Lyuba Vinogradova was born in Moscow. After graduating from the Moscow Agricultural Academy with a PhD in microbiology, she took a second degree in foreign languages. In 1995 she was introduced to Antony Beevor and helped him to research his Stalingrad.

She contributed to many other projects, and is the co-author (together with Beevor) of A Writer at War: Vasily Grossman with the Red Army.

Cover design © James Nunn

Lyuba Vinogradova

Defending the Motherland
The Soviet Women Who Fought Hitler’s Aces

Translated by Arch Tait

With an Introduction by Antony Beevor
MacLehose Press
London, 2015
Hardback, £20.00 ISBN 978-0-85705-192-9

352 pages


A gripping, unforgettable and heart-breaking story of female heroism in war and terror, written elegantly, filled with new research – archival and oral – and told here fully for the first time. Not just a tale of amazing derring-do, but a terrifying window into Stalinist Russia. Simply superb.”

Simon Sebag Montefiore
author of Stalin: The Court of the Red Tsar

“Vinogradova brilliantly weaves together the heroic – and long ignored – stories of the Soviet airwomen of the Second World War. She gives testament to their courage, technical skill and patriotism, as well as revealing darker stories of betrayal and political intrigue in their midst. Every page evokes in vivid detail what it was like to be a woman at the heart of the the male world of aerial combat in Stalin's Russia. Defending The Motherland is a feat of historical research and a wonderful, stirring read.”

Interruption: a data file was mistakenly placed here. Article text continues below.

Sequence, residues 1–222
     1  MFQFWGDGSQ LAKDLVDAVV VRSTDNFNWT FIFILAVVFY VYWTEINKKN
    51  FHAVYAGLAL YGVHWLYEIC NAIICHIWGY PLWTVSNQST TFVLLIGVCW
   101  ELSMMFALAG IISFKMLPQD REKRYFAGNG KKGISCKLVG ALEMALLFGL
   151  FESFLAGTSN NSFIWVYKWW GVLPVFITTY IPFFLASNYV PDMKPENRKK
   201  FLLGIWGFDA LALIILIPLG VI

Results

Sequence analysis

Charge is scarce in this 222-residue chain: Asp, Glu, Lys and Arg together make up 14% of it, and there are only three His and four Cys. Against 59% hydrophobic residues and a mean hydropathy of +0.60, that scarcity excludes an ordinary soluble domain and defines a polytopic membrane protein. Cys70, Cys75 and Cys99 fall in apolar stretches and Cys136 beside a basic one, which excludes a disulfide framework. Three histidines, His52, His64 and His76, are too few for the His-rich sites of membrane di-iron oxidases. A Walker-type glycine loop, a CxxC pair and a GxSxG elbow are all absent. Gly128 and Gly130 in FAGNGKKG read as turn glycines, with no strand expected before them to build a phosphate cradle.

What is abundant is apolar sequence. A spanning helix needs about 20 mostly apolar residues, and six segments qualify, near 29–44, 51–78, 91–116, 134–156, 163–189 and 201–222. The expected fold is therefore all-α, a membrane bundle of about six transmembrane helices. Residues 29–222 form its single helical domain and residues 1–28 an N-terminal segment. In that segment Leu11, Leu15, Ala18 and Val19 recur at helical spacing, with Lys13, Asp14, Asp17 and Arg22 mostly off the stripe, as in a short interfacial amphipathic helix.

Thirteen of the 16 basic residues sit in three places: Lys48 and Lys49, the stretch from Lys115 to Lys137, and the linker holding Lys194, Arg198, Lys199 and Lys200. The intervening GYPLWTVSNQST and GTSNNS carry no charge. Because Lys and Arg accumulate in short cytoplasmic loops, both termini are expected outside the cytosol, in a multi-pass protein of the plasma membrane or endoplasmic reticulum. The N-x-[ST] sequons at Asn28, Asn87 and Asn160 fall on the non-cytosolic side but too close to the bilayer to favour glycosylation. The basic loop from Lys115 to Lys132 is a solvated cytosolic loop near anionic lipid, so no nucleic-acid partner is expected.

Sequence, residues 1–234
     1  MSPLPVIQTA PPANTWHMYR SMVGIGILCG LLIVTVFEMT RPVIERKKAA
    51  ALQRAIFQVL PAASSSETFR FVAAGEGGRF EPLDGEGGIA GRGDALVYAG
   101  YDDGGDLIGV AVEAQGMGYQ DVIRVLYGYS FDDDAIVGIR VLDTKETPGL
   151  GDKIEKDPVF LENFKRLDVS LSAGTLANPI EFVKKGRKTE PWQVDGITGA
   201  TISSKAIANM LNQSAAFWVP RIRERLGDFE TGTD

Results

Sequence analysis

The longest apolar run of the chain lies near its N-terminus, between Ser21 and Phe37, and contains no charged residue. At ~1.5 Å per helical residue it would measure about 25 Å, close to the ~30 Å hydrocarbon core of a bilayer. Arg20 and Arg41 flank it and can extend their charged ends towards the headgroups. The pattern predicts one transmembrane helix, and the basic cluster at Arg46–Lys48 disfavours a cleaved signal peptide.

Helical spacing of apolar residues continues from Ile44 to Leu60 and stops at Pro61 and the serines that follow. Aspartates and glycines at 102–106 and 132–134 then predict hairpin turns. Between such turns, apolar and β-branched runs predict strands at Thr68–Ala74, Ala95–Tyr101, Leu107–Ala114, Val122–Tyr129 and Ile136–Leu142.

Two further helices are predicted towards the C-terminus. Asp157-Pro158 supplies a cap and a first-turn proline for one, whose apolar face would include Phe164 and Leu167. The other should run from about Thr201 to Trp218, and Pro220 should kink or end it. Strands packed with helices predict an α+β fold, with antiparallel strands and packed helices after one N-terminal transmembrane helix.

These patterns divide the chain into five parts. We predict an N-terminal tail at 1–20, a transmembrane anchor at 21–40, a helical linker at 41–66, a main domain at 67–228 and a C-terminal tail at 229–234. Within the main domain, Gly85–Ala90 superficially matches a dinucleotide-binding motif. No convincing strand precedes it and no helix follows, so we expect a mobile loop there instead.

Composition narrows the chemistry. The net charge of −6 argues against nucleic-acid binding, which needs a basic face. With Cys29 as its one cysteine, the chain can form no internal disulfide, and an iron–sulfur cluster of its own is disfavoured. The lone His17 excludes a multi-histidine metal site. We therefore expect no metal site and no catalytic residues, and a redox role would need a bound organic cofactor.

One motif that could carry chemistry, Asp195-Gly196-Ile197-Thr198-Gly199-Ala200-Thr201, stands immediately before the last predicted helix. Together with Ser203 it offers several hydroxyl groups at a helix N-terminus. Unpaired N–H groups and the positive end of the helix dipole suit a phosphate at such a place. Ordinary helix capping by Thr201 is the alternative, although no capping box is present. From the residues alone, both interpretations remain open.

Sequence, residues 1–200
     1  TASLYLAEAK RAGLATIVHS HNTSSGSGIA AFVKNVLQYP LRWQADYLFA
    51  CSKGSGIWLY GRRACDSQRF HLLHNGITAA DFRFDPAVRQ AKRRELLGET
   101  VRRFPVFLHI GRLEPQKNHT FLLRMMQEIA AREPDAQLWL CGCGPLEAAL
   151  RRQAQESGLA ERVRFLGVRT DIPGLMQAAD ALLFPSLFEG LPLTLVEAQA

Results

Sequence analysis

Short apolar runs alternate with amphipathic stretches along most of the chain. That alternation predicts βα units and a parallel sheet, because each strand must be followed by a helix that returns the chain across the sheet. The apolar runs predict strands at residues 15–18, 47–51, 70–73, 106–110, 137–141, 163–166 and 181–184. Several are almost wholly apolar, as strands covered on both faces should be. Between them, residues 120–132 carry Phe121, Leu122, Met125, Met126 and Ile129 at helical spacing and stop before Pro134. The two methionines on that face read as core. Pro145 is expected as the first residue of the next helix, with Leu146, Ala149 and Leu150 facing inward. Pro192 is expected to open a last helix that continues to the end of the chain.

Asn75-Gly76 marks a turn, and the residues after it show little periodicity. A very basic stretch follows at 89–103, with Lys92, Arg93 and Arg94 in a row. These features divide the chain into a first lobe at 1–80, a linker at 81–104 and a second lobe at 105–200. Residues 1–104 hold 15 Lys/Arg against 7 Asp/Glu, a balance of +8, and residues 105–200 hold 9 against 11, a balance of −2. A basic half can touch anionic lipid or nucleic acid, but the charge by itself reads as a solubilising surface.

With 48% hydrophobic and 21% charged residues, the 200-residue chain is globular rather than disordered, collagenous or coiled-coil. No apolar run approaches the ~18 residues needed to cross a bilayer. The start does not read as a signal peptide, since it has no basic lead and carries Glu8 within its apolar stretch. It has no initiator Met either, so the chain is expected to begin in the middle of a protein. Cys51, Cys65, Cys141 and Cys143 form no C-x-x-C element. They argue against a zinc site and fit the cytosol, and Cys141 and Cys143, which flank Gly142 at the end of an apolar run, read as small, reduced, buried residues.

Rachel Polonsky
author of Molotov’s Magic Lantern

“Superbly written and researched, Defending the Motherland not only tells a gripping story from the Eastern Front, but brilliantly opens a window on wartime Stalinist society. Making her solo debut here, Vinogradova takes her place in the top flight of Russian historians.”

Anna Reid
author of Leningrad: Tragedy of a City under Siege: 1941-1944

“Lyuba Vinogradova tells the poignant story of the determined young women who fought and died in the air above Stalingrad and elsewhere in the epic struggle to expel the German invaders from their country. It is an absorbing and meticulously researched account”

Sir Rodric Braithwaite
author of Moscow 1941: A City and Its People at War

Defending the Motherland weaves together the untold stories of the female Soviet fighter pilots of the Second World War. Enlisted from every background, and led by an NKVD major, the new recruits who boarded a train in Moscow on 16 October 1941 to go to war had much in common with millions of others across the world. What made the 586 Fighter Regiment, the 587 Heavy-bomber Regiment and the 588 Regiment of light night-bombers unique was their gender: the Soviet Union was creating the first all-female active combat units in modern history.

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